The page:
- Anything that is affordable? Neponset – Port Norfolk (zip code 02122) ($1,695 for a 2-bedroom), Downtown Woburn (zip code 01801) ($1,800), and Wollaston (zip code 02170) ($1,850) are all very affordable from a rent perspective.
The 40x Rule
Another metric we used to calculate what is and isn’t affordable is the 40x rule. This is the rule of thumb for most landlords in pretty much every major city. This guideline says that the household income must be at least 40 times the monthly rent. For example: 2-bedroom median rent across Boston is currently $2,700. A Boston household will need to make at least $108,000 combined for an apartment at that price. This is above any of the ACS estimates, even the more affluent Middlesex and Norfolk Counties.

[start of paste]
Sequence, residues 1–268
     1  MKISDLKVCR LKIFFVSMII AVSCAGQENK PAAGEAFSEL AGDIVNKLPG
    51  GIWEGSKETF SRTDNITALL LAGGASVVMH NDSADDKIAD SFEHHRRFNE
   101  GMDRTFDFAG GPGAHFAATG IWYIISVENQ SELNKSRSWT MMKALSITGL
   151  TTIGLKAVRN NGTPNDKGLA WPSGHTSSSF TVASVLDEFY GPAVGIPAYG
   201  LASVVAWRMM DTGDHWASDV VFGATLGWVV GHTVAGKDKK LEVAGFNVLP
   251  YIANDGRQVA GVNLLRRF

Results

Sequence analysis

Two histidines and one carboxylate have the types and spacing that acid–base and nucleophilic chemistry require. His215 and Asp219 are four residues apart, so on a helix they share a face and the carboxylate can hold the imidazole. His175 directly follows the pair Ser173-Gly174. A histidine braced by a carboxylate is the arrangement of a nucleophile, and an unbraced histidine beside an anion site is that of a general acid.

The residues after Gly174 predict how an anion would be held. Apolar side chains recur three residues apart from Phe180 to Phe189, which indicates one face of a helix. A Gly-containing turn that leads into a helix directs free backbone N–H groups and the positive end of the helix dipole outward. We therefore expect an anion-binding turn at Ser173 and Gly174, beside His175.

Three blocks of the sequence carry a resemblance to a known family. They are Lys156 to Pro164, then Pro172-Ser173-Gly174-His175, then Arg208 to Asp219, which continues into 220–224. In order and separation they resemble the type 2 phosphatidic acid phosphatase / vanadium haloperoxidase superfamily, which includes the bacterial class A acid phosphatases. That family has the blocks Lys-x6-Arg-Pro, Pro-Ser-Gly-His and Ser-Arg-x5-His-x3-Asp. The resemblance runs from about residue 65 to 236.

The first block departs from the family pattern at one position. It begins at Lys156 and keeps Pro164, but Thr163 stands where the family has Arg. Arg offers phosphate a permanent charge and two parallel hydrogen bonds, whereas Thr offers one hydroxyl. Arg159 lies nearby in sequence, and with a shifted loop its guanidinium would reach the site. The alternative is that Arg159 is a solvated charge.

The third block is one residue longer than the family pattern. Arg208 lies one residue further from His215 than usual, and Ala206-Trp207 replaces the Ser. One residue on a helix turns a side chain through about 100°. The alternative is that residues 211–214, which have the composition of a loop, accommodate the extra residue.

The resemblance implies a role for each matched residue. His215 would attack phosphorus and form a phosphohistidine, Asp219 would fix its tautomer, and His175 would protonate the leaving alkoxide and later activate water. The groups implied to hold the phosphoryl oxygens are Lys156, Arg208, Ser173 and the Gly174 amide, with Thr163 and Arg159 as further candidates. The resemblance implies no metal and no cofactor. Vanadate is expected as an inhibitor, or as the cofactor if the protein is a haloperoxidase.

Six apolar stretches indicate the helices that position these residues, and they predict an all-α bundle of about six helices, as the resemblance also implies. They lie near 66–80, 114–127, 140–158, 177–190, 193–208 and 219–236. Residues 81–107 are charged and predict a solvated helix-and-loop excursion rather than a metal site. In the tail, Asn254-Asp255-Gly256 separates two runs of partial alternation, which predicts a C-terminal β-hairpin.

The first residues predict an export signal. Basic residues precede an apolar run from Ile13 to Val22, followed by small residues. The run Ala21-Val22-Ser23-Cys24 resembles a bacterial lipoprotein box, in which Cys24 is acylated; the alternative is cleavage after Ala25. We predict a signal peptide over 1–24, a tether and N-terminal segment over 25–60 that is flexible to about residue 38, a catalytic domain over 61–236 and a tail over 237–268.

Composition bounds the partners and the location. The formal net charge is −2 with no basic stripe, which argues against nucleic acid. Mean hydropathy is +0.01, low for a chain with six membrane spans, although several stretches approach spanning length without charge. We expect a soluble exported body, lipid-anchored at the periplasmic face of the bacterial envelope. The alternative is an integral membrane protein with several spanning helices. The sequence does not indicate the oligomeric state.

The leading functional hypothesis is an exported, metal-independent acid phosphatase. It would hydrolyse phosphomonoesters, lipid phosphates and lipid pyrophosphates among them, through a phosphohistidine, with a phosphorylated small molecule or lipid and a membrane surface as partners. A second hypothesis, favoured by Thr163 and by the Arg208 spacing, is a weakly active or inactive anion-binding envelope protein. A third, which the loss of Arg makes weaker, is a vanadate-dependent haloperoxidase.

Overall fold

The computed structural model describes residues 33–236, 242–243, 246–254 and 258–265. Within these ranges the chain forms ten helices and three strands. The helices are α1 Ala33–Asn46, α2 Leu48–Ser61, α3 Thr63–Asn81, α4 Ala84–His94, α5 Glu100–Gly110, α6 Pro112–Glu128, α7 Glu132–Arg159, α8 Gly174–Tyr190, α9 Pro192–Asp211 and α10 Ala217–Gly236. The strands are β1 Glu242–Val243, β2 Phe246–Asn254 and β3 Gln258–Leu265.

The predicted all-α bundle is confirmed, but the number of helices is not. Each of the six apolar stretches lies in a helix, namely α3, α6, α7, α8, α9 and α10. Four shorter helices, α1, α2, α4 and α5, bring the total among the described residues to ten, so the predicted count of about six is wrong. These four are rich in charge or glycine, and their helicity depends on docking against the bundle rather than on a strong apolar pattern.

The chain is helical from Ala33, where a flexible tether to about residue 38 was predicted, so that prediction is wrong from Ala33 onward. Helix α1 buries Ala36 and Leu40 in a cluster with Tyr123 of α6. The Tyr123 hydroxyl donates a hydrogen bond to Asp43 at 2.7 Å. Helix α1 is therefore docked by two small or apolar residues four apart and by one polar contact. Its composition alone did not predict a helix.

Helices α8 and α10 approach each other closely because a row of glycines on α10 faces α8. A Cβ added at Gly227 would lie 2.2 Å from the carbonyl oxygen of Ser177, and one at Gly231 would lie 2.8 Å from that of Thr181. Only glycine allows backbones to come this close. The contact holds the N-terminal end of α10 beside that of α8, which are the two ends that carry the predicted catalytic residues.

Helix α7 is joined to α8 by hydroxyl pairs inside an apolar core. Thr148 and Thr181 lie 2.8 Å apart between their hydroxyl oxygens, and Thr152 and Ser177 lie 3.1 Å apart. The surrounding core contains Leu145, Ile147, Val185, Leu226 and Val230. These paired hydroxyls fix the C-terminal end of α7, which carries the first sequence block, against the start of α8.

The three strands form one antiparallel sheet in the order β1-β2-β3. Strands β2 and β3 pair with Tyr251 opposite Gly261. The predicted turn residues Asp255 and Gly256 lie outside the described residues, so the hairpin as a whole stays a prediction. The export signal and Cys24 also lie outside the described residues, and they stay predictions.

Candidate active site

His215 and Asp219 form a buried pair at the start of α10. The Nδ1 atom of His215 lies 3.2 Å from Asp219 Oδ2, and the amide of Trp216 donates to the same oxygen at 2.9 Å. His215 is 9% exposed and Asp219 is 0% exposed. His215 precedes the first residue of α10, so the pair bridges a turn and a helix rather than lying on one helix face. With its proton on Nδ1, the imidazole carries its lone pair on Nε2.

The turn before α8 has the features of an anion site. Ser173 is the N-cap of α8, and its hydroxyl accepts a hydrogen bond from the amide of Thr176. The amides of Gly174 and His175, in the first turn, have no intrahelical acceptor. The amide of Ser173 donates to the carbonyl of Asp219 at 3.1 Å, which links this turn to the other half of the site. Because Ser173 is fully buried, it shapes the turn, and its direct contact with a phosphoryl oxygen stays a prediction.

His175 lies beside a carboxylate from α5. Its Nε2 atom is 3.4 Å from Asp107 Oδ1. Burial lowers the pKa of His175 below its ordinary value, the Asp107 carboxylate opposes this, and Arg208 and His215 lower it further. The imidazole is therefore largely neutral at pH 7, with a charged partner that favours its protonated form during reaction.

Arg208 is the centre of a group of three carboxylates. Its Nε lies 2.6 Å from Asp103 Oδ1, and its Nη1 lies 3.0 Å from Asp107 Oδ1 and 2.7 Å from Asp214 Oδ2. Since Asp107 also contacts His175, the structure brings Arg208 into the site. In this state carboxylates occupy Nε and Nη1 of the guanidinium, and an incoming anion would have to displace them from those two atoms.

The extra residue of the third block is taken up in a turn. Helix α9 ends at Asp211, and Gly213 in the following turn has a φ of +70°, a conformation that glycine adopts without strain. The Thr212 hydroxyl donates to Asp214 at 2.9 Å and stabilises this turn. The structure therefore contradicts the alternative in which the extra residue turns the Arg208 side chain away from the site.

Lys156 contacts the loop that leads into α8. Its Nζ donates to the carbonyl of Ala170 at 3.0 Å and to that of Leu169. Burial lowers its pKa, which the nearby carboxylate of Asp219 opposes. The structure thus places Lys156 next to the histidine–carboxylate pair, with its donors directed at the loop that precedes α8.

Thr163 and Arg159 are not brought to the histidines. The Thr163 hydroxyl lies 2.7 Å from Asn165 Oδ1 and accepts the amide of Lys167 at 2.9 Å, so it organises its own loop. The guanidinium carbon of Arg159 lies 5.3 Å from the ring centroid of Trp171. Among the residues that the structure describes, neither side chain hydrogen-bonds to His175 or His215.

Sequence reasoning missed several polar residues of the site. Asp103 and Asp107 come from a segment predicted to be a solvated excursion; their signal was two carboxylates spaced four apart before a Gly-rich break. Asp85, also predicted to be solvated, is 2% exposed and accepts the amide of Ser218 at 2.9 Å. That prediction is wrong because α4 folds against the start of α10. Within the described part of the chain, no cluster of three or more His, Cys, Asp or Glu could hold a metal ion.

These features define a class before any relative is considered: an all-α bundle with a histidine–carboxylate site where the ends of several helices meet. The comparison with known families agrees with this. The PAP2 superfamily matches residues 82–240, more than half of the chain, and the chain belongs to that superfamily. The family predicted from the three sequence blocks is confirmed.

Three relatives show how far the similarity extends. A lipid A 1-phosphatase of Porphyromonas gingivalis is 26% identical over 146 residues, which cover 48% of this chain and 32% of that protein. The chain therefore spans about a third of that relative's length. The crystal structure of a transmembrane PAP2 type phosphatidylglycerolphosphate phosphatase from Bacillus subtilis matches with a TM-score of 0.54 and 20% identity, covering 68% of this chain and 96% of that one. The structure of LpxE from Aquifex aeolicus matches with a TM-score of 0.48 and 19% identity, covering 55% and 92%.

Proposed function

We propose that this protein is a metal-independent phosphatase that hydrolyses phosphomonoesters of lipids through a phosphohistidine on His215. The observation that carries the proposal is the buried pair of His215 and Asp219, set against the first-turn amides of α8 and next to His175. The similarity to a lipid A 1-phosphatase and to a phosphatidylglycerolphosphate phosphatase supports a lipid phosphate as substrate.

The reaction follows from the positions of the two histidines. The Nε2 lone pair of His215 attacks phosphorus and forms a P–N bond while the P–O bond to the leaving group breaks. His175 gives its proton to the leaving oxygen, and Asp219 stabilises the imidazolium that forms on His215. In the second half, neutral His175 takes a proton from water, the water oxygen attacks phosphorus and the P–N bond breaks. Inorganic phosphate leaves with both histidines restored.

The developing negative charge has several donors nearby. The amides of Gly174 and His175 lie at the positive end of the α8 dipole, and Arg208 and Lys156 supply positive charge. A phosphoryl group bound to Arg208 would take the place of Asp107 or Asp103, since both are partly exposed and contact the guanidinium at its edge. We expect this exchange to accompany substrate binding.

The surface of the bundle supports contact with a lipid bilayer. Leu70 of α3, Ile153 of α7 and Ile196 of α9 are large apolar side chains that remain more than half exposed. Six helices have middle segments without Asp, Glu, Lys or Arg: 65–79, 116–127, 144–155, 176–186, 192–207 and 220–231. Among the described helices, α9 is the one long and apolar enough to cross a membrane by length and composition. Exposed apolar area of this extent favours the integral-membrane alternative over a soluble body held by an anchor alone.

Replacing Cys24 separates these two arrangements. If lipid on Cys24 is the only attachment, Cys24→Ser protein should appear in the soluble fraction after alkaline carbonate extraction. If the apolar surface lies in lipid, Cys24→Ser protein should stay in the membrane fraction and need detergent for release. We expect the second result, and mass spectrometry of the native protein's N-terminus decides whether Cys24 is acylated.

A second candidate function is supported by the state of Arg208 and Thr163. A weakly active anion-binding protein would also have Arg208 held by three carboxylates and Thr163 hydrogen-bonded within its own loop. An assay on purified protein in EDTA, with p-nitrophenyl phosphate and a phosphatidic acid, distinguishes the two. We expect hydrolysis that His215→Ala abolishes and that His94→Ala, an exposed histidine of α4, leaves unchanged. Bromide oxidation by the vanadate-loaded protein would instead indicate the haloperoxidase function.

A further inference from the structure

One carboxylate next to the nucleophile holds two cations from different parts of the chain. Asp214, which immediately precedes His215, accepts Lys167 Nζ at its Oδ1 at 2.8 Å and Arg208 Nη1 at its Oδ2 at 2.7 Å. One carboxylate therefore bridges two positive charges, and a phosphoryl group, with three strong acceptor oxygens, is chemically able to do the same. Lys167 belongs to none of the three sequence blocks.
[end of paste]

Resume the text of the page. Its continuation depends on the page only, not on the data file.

There are exceptions to this rule: If you have vast savings or a guarantor whom makes 80 times the rent, a landlord is likely to let you slide without meeting the income requirements. It’s also not unheard of for a landlord to request last month’s rent in addition to the first month and security deposit for those with below average credit / income. Our “how much can I afford” guide can give you a little more info on these rules and some ways to overcome them.
So how much DO you need to make to live in a Boston neighborhood?
The Map Below Shows Income Required for a 2-Bedroom Apartment in Boston/Cambridge